Trend justification: While trapping for the cagebird trade has been a threat in the past, this now has only minor impacts on the population size, if at all (Dickey 2020, O. Ottema in litt. 2020). Habitat loss is low within the range, and large tracts of forests are still in pristine conditions (Tracewski et al. 2016, O. Ottema in litt. 2020). However, inland forests are increasingly logged and degraded through gold mining (O. Ottema in litt. 2020).  Over 19 years from 2001-2019, approximately 1% of tree cover with at least 30% canopy cover was lost within the species's mapped range (Global Forest Watch 2020). Scaled to three generations (44.22 years), this would equate to a loss of 2%. Over 2016-2019, approximately 0.4% of tree cover was lost within the species's range (Global Forest Watch 2020). If this rate were to continue for three generations (44.22 years), approximately 4% of tree cover within the species's range could be lost. The species is therefore tentatively suspected to be undergoing a slow decline at a rate of <10% over three generations.


Country/territory distribution
Country/Territory Presence Origin Resident Breeding visitor Non-breeding visitor Passage migrant
Brazil extant native yes
French Guiana extant native yes
Guyana extant native yes
Suriname extant native yes
Venezuela extant native yes

Important Bird and Biodiversity Areas (IBA)
Country/Territory IBA Name
Venezuela Parque Nacional Canaima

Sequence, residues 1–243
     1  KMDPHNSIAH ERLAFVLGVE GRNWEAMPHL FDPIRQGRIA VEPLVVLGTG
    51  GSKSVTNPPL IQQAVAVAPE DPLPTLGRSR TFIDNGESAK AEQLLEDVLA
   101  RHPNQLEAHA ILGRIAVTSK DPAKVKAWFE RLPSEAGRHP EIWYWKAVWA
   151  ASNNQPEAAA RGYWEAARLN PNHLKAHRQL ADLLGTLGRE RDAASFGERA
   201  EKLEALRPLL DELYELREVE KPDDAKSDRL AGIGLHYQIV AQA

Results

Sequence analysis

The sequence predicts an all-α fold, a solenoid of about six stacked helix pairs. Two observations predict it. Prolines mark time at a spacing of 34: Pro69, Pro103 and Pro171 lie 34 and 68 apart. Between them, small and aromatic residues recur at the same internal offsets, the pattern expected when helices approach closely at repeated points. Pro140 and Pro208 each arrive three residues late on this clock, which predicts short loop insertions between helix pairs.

Venezuela Parque Nacional Parima-Tapirapecó
Suriname Bakhuys mountains
French Guiana Parc Amazonien de Guyane et Saül
French Guiana Nouragues
French Guiana Trinité

Habitats & altitude
Habitat (level 1) Habitat (level 2) Importance Occurrence
Forest Subtropical/Tropical Moist Lowland major resident
Forest Subtropical/Tropical Moist Montane major resident
Altitude 0 - 1700 m Occasional altitudinal limits  

Threats & impact
Threat (level 1) Threat (level 2) Impact and Stresses
Biological resource use Hunting & trapping terrestrial animals - Intentional use (species is the target) Timing Scope Severity Impact
Ongoing Minority (<50%) Slow, Significant Declines Low Impact: 5
Stresses
Species mortality
Biological resource use Hunting & trapping terrestrial animals - Unintentional effects (species is not the target) Timing Scope Severity Impact
Ongoing Minority (<50%) Negligible declines Low Impact: 4
Stresses
Species mortality
Biological resource use Logging & wood harvesting - Unintentional effects: (large scale) [harvest] Timing Scope Severity Impact
Ongoing Majority (50-90%) Slow, Significant Declines Medium Impact: 6
Stresses
Species disturbance, Ecosystem degradation
Energy production & mining Mining & quarrying Timing Scope Severity Impact
Ongoing Minority (<50%) Slow, Significant Declines Low Impact: 5
Stresses
Ecosystem degradation, Ecosystem conversion

Utilisation
Purpose Primary form used Life stage used Source Scale Level Timing
Food - human - - non-trivial recent
Pets/display animals, horticulture - - international non-trivial recent

Recommended citation
BirdLife International (2024) Species factsheet: Amazona dufresniana. Downloaded from https://datazone.birdlife.org/species/factsheet/blue-cheeked-amazon-amazona-dufresniana on 04/03/2024.
Recommended citation for factsheets for more than one species: BirdLife International (2024) IUCN Red List for birds. Downloaded from https://datazone.birdlife.org on 04/03/2024.